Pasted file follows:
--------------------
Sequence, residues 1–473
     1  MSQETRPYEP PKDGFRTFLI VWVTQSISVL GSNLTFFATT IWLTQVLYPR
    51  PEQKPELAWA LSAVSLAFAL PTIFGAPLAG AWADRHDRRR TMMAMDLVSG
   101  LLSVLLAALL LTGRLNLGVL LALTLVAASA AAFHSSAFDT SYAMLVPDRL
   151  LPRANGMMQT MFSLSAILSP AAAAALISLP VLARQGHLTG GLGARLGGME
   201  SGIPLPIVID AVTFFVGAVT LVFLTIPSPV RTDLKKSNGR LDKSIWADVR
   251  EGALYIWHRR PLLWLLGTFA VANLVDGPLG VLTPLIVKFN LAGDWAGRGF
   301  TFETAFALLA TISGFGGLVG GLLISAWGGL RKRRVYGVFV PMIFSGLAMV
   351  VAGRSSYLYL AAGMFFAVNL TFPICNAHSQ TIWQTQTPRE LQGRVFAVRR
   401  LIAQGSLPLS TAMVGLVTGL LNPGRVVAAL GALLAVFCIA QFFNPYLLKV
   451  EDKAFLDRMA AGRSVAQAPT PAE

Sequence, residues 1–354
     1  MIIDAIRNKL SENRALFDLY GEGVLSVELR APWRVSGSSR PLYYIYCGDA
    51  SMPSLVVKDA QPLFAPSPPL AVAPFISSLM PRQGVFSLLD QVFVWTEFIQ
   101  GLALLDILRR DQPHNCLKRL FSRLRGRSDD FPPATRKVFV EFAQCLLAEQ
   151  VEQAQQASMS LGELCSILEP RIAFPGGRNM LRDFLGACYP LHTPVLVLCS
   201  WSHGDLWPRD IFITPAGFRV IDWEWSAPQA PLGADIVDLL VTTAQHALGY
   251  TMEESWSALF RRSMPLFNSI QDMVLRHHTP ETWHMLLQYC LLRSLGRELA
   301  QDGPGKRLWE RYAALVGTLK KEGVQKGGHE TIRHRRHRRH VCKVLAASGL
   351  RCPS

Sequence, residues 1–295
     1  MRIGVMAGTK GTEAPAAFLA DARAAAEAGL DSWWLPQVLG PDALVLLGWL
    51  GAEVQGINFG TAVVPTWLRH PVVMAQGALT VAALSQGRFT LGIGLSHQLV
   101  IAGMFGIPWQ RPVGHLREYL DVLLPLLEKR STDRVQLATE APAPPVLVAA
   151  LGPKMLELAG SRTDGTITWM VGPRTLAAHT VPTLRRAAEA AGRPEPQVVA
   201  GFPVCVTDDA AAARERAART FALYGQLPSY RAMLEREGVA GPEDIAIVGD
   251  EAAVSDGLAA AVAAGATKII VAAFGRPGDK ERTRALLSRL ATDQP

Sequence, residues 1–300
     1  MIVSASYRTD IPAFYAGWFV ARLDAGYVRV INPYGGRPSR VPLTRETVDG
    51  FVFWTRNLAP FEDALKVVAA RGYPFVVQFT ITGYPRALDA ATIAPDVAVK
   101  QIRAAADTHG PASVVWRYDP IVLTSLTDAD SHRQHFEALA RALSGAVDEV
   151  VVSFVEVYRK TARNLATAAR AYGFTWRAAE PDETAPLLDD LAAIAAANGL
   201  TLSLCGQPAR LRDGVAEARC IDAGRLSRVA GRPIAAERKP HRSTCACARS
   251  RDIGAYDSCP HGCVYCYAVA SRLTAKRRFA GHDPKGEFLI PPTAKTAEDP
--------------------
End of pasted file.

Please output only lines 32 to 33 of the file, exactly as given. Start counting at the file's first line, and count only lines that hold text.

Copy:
   151  VVSFVEVYRK TARNLATAAR AYGFTWRAAE PDETAPLLDD LAAIAAANGL
   201  TLSLCGQPAR LRDGVAEARC IDAGRLSRVA GRPIAAERKP HRSTCACARS